And is Walker ever sticking it to Milwaukee.  He’s fixing to hack $233 million — 25% of the entire budget — from MPS. The tea partiers couldn’t be more pleased. MPS serves, you know, those people. (The right has extended the those people brand from African-Americans to gays, feminists and Mexicans. That’s their idea of diversity.)

Walker is reported to be pondering returning $34 million in US Title 1 MPS funding that, among other things, gives the poorest of poor kids free breakfast and lunch at school. If that occurs, it would be the most egregious instance of pointless cruelty for political gain I have witnessed in my 30 years in this state. And it will be more evidence that  rightist concern for children ends the moment they leave the womb.

Rightists have coaxed some middle class people into handing them power on economic grounds. Some of us have bought the notion that taxes are the only obstacle standing between us and happiness. But think about this: They don’t collect any taxes in Somalia, and that isn’t working out so well. Without taxes, no civilization.

Seriously, friends: What good does it do to save $200 on your tax bill — while those in the top 2% save hundreds of thousands — and then find that your local grade school no longer has music or art and now is squeezing 40 kids into a classroom? Or to find that UW tuition has priced your family out, and that scholarship assistance has been slashed? Your kid wants to be a physicist? Too bad. Your cubicle is that way, son.

But don’t worry, the Koch brothers are all right. Their kids and grandkids and their grandkids’ kids and on through the generations can go anywhere they want. Doesn’t matter if they’re dumber than sticks, because money talks in the Ivy League. And dynastic oligarchies are so much easier to maintain with that pesky estate tax practically repealed for the very wealthy.

Taxes, government spending and regulation did not cause this recession. The Bush tax cuts for the wealthy were in place for over six years, and Bush’s regulators and Justice Department had eight years to look the other way while banks and Wall Street did as they pleased. The Republicans got everything they wanted (including an insanely expensive war in Iraq). According to rightist theory, with such measures in place the recession should not have happened. But it did. They were wrong about the economy then, and there is no reason to believe that an even more radical GOP is right today.

Punishing teachers and home nurses, crushing the public schools, spurning investment in future technologies and slashing our universities won’t fix the economy or provide jobs. But Walker’s battle isn’t about jobs and the economy and repairing the budget. It’s about putting more of your pie on someone else’s already full plate, so those people will give the Republicans money and keep them in office. It is a symbiosis of greed and power.

All of that has made us mad as hell, mad enough to march on Madison for weeks. Walker dropped his bomb and awakened the middle class, rather the way Imperial Japan woke up America at Pearl Harbor. We have been provoked and we have responded. We will defend ourselves. Remember Madison! will be the rallying cry for 2012.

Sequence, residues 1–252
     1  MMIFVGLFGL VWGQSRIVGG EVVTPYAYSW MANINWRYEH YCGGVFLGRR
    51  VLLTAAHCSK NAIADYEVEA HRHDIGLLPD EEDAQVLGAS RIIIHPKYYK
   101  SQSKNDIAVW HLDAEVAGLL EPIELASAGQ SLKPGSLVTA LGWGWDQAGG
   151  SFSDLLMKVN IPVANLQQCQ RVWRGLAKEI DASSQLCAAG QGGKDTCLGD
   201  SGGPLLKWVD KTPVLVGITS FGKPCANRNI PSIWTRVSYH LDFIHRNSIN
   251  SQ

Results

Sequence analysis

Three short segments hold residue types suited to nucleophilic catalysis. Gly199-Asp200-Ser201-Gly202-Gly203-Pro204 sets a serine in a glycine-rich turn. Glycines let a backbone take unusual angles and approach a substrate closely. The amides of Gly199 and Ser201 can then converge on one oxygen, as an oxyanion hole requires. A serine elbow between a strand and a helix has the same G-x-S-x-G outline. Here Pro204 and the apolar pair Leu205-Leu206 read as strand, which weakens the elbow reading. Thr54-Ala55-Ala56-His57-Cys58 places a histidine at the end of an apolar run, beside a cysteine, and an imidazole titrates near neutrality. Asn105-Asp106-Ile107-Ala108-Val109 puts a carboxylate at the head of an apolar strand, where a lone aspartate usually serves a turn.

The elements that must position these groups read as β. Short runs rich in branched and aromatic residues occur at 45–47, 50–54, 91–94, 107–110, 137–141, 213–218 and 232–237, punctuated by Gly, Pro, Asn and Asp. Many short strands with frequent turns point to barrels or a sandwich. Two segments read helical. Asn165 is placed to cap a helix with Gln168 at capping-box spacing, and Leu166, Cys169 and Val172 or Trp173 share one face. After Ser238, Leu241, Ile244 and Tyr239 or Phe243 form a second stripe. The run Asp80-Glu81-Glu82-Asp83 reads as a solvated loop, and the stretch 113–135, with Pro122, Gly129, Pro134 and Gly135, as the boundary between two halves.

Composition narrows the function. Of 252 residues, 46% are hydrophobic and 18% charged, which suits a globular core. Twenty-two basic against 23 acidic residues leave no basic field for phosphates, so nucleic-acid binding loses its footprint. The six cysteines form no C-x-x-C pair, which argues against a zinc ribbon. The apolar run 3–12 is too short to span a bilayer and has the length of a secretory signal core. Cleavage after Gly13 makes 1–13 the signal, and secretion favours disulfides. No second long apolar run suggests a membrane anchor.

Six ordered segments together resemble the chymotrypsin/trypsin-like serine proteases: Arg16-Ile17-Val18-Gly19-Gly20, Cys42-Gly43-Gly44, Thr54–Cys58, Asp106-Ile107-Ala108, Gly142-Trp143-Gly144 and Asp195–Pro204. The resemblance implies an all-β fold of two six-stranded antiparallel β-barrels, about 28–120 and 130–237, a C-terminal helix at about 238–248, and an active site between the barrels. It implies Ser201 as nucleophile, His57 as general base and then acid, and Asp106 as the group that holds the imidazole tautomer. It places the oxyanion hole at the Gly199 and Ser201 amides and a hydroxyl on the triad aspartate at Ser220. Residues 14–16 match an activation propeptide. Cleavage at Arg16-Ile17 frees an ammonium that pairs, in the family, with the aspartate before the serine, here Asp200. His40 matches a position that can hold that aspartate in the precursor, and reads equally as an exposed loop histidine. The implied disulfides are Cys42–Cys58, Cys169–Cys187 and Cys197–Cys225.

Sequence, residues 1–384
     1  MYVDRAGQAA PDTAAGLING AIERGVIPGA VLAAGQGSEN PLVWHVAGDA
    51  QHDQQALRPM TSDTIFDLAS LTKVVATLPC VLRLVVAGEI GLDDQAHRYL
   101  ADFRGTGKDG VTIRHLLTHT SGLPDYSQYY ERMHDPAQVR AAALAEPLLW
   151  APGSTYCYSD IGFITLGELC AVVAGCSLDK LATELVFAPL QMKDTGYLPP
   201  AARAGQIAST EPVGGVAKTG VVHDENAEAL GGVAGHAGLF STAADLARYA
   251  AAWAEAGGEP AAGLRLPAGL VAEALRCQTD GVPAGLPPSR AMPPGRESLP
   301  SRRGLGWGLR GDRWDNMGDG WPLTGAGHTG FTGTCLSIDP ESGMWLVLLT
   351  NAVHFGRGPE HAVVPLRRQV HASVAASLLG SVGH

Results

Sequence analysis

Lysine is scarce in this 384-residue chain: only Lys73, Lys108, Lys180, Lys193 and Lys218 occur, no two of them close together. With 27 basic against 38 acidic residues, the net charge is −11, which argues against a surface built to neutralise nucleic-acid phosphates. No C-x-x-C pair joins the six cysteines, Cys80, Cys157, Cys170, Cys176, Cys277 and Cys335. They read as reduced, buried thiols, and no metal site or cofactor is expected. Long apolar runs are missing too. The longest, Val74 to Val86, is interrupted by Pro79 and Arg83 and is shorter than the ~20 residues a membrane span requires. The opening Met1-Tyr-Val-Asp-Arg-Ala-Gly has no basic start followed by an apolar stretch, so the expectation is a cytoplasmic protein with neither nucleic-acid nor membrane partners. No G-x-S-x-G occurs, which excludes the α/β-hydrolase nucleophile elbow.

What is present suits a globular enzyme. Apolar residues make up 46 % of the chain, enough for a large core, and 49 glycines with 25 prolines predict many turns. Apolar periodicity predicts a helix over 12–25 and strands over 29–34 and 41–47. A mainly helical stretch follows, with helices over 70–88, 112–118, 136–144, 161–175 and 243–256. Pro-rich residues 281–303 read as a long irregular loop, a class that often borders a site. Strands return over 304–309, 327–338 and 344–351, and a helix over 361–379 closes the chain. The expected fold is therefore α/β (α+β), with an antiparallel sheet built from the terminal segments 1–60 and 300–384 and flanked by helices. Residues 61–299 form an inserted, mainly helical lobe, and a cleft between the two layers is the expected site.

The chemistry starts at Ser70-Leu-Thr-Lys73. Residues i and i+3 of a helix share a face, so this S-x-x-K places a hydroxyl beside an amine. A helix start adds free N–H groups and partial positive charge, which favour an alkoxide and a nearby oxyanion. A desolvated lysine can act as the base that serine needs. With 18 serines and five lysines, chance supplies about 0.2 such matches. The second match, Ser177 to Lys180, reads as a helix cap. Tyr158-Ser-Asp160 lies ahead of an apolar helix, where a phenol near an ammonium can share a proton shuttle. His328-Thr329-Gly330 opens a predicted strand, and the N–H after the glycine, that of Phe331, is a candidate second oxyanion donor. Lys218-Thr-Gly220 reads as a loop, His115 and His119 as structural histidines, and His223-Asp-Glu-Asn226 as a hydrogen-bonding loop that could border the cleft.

Categories: Commentary, Politics

0 thoughts on “Madison, WI: the Pearl Harbor of the class war”

  1. Anonymous says:

    Great article! No hyperbole, no “spin”, just a clear analysis and explanation of the very scary truth. I hope everyone can muster the courage to read this article and really think about it, because we’re in big trouble. Thanks Tom, for laying it all out.

  2. Anonymous says:

    for contrast and fairness, read Knauss’ “Milwaukee Needs a good kick in the a$$. Dan lays out the “other” side.

  3. Anonymous says:

    I agree with all of this except the overly abused spinning of the protesters as “an awakened middle class” and the implication that because the Walker agenda is so bad, the status quo of failure is worth paying forward some more. Both outcomes are terrible and no one is asking for a different, reform oriented endgame

    The protesters represent a piece of the middle class that is divided from the rest, and it’s the union minority’s place to earn, not demand, whatever support it wishes to enjoy from others. It has not been earned, so the middle class as a whole will squabble over who will make a better master instead of pressing forward its own terms.

  4. Anonymous says:

    Thanks for writing about this in a clear and straight forward way.

  5. Anonymous says:

    Well stated crystal clear sad and scary truths in this article. Where Are The Jobs Walker?

  6. Anonymous says:

    The whole thing in a nutshell, passed along to me by Darcy Hamlin:

    A unionized employee, a Tea Party member & a corporate CEO are sitting at a table. In the middle is a plate with a dozen cookies on it. The CEO reaches out & takes 11 of the cookies, then says to the Tea Party member, “look out for that union guy, he wants a piece of your cookie.”

  7. Anonymous says:

    One of the best analysis of this debacle yet. Kudos to Tom Strini!

    I second Linda’s followup.

  8. Anonymous says:

    Well done, Tom. Lots at stake here, including the survival of music in public schools and universities, the survival of an already-disappearing middle class, and the survival of campaign financing for Democrats in the face of the Supreme Court ruling allowing corporate campaign financing donations. Let’s hope this is a colossal miscalculation by Walker. It’s beginning to look like it

  9. Anonymous says:

    Nice article Tom.

  10. Anonymous says:


  11. Anonymous says:

    telling it like it is. wish it was required reading for everyone in the state.
    nice job, tom. thanks.

  12. Anonymous says:

    tom, i think unions – like anything – have their pluses and minuses. here’s another viewpoint on the negatives: